Sanz-Ruiz et al. [32] retrospectively studied 2,551 patients undergoing cemented primary arthroplasty between 2015 and 2018. Preoperatively, the patients were assessed based on the institution-specific patient risk algorithm (Fig. 3). In this series, 2,368 patients (92.8%) with low and high risks of infection were treated with SALBC (PALACOS® + G), and 183 patients (7.2%) with an exclusively high risk were treated with DALBC (COPAL®G + C). One year after surgery, the PJI rates were 3.7 and 2.45%, respectively (Fig. 2d). Contrary to expectations of a higher PJI rate in the exclusively high risk group they observed a trend to a lower PJI incidence if treated with DALBC.

Fig. 3
figure 3

 Major patient comorbidities and surgery-related risk factors according to the experiences at the University Hospital Gregorio Maranon, Madrid, Spain [31]. Patients were classified as risk patients if presenting with a factor marked with (*) or with a combination of at least two (knee arthroplasty) or three other factors (hip arthroplasty)

Does use of high dose dual ALBC drive more antibiotic resistance?

This critical topic must be considered as surgeons have repeatedly expressed their concern that wider use of ALBC may promote antibiotic resistance. Usually, antibiotics are clinically selected based on the antibiogram that is determined in vitro by the susceptibility or resistance tests of bacteria at different dilutions. For systemic antibiotic therapies, the minimal inhibitory concentration breakpoints are determined by both pharmacokinetic expectation of drug concentration in the tissues and the knowledge on minimal inhibitory concentrations (MIC) of the pathogen in vitro. However, such guidance is not available in local antibiotic therapies. Because the peak concentrations are often 10- to 100-fold higher than those reported in the systemic administration, susceptibility reporting criteria and minimal inhibitory concentration breakpoints are often not applicable to the local therapies [33]. Therefore, bacteria classified as intermediately resistant in the classical antibiogram may remain susceptible to high local concentrations of antibiotics, which is particularly true for antibiotics with bactericidal and strictly concentration-dependent effects, e.g., aminoglycosides. In view of these facts, induction of antibiotic resistance surrounding ALBC should not be a clinical concern. However, in the presence of a prior high-level aminoglycoside-resistant bacteria, survival and subsequent selection of these organisms may still occur, possibly even leading to recolonization in the carrier matrix [34].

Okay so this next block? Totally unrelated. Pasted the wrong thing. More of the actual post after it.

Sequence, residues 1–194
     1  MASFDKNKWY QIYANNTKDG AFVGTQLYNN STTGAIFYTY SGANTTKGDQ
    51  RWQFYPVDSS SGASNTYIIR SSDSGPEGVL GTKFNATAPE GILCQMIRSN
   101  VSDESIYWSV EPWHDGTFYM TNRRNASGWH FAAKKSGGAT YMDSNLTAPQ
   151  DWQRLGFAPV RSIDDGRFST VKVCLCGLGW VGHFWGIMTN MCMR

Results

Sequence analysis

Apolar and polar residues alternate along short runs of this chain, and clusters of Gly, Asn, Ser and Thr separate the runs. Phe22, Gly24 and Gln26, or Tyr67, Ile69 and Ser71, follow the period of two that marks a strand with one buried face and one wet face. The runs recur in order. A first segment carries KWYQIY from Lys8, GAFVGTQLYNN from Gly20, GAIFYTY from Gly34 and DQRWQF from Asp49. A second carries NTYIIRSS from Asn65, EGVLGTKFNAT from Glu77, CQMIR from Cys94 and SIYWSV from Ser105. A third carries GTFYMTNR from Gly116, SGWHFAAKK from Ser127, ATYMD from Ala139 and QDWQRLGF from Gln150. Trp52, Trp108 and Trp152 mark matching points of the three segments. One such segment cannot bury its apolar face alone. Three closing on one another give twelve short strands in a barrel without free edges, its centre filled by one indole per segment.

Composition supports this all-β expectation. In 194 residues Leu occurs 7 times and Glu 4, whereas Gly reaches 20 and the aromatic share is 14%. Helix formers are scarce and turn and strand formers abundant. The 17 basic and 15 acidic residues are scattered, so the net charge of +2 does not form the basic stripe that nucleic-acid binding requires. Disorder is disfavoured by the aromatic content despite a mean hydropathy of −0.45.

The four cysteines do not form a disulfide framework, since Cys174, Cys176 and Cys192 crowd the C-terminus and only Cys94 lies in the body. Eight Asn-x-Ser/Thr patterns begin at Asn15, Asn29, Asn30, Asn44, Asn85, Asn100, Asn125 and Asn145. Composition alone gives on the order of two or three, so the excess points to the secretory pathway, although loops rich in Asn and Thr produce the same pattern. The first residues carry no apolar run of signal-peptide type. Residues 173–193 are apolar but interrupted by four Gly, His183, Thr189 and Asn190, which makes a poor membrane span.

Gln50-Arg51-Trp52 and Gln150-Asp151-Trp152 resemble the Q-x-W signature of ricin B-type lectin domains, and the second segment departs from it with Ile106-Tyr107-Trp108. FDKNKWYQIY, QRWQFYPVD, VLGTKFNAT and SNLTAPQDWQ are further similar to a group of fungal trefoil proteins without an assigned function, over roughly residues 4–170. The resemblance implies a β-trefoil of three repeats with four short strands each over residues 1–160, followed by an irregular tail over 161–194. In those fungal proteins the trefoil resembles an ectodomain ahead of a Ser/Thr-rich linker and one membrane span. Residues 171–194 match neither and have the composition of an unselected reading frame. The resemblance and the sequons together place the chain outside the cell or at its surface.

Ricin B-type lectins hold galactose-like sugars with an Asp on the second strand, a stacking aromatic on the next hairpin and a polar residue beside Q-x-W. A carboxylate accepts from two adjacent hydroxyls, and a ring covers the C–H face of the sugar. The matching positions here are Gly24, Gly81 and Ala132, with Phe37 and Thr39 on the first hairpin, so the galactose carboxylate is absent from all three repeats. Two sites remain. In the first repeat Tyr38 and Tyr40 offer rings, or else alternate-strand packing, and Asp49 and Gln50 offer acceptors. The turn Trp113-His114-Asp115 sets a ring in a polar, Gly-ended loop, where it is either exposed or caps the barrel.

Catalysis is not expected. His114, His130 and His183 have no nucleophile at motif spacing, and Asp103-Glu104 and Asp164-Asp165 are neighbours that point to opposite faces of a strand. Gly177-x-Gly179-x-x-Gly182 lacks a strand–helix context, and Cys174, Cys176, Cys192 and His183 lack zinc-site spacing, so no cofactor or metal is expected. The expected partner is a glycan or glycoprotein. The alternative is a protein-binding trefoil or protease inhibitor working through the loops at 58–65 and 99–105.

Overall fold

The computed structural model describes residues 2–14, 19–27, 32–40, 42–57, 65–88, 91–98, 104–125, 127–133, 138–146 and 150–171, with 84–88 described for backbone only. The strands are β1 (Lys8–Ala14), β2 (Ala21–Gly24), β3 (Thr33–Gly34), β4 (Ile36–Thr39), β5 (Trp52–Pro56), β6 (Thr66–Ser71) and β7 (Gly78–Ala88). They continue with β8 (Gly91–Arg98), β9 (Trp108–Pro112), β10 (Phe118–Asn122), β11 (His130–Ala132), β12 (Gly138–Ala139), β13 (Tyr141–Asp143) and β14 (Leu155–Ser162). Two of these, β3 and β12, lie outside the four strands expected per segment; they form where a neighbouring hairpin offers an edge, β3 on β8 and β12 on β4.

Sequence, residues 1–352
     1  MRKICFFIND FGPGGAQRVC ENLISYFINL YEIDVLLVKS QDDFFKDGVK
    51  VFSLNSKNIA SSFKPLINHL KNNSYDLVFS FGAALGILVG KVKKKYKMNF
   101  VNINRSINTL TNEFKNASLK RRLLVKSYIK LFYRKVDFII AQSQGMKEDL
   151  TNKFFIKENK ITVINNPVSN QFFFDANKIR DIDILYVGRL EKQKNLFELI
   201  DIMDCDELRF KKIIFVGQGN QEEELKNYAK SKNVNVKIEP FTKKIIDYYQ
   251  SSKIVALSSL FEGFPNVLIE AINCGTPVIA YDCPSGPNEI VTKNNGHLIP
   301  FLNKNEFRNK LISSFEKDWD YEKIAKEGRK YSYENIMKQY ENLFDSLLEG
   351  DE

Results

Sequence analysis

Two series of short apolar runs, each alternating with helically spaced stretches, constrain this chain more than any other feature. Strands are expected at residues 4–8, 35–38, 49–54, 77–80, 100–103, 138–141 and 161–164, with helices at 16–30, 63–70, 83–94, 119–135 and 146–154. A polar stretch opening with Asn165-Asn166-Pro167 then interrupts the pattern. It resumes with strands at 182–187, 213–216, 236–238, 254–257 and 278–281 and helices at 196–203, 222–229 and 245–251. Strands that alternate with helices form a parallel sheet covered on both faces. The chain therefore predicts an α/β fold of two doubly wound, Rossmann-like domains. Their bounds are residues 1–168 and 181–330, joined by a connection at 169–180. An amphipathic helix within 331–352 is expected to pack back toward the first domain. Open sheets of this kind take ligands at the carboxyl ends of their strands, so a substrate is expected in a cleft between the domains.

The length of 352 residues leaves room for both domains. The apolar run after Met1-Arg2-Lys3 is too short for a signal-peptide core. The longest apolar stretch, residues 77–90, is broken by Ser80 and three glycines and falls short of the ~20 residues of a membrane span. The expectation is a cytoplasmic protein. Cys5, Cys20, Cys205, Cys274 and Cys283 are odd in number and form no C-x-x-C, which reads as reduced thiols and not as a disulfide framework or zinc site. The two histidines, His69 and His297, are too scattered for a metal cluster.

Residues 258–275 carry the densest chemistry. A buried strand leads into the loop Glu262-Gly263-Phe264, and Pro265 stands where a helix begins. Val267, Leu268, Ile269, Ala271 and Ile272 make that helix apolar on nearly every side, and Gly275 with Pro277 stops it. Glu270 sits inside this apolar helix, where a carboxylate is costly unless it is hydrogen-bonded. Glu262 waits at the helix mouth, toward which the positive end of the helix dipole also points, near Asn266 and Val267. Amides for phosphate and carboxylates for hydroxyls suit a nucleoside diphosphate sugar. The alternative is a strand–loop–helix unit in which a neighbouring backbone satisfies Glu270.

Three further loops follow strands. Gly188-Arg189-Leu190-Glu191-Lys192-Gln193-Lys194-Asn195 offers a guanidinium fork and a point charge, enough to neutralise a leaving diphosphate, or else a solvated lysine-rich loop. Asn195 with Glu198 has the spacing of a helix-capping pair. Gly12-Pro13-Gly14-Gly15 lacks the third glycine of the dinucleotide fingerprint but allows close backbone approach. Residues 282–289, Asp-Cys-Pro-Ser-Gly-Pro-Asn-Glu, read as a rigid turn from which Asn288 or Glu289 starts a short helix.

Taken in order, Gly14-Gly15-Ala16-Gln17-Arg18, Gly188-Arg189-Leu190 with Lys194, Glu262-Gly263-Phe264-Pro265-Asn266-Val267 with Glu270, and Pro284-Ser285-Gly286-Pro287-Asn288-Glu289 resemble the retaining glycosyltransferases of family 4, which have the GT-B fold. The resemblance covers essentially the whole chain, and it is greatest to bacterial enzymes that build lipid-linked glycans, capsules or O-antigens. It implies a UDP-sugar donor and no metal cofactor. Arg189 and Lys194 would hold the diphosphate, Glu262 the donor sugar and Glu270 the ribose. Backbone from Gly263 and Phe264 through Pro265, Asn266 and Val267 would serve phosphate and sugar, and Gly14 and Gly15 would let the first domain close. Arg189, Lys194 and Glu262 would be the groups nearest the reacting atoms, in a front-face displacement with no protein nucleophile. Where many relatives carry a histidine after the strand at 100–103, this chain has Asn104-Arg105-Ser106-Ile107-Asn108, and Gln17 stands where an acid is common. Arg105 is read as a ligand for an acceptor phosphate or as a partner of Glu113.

Four recent studies addressed the question of whether the use of ALBC in a larger clinical setting increases bacterial antibiotic resistance in PJI. It was observed that its frequency was comparable in PJI patients regardless of whether their prostheses were cemented with ALBC or not [35,36,37,38]. One study went even further and looked at the resistance pattern of the few remaining gentamicin- and clindamycin-resistant bacteria in the PJI patients receiving cemented hemiprostheses with DALBC COPAL®G + C. The resistance to the antibiotics was limited, and there was no cross-resistance to the important therapeutic antibiotics, such as rifampin and quinolones [36]. These findings showed that the use of ALBC neither promotes widespread bacterial resistance nor affects the therapeutic options for those antibiotics recommended for the treatment of Gram-positive or Gram-negative pathogens in PJI.

Conclusions

Patients with multiple comorbidities and patients undergoing hemi- and revision arthroplasties are at a higher risk of developing PJI. Implementation of a risk-adapted antibiotic prophylaxis regimen in those patients is currently under clinical investigation. The use of high-dose DALBC may be an attractive option to decrease the risk of local infection by ensuring high peak concentrations and synergistic antimicrobial effects in situ. The preliminary clinical results support this hypothesis, showing that the incidence of PJI is reduced if the prostheses are cemented with DALBC in patients at high risk of infection. These benefits are not associated with more systemic side effects or high antimicrobial resistance. Further high-quality clinical studies are needed to consolidate these data on a broad clinical range.

Availability of data and materials

No own datasets were generated or analyzed during the current study. The referenced data are part of clinical study publications listed in the bibliography.

Abbreviations

PJI:

Prosthetic joint infection

PAP:

Perioperative antibiotic prophylaxis

ALBC:

Antibiotic-loaded bone cement

BMI:

Body mass index

G:

Gentamicin

C:

Clindamycin

V:

Vancomycin

SALBC:

Single low-dose antibiotic-loaded cement

DALBC:

Dual high-dose antibiotic-loaded cement

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Acknowledgements

We would like to thank Nada Pezic for her assistance with this paper as native English speaker.

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CB: idea generation, manuscript writing and editing. JJ: summary and figures on biofilm inhibition experiments with different ALBC. PSR: summary and figures on clinical outcome comparison SALBC vs. DALBC. All authors read and approved the final manuscript.

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Correspondence to Christof Berberich.

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Berberich, C., Josse, J. & Ruiz, P.S. Patients at a high risk of PJI: Can we reduce the incidence of infection using dual antibiotic-loaded bone cement?. Arthroplasty 4, 41 (2022). https://doi.org/10.1186/s42836-022-00142-7

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Keywords

  • Single low-dose antibiotic-loaded bone cement
  • Dual high-dose antibiotic-loaded bone cement
  • Infection prophylaxis
  • Prosthetic joint infection
  • Risk factors for infection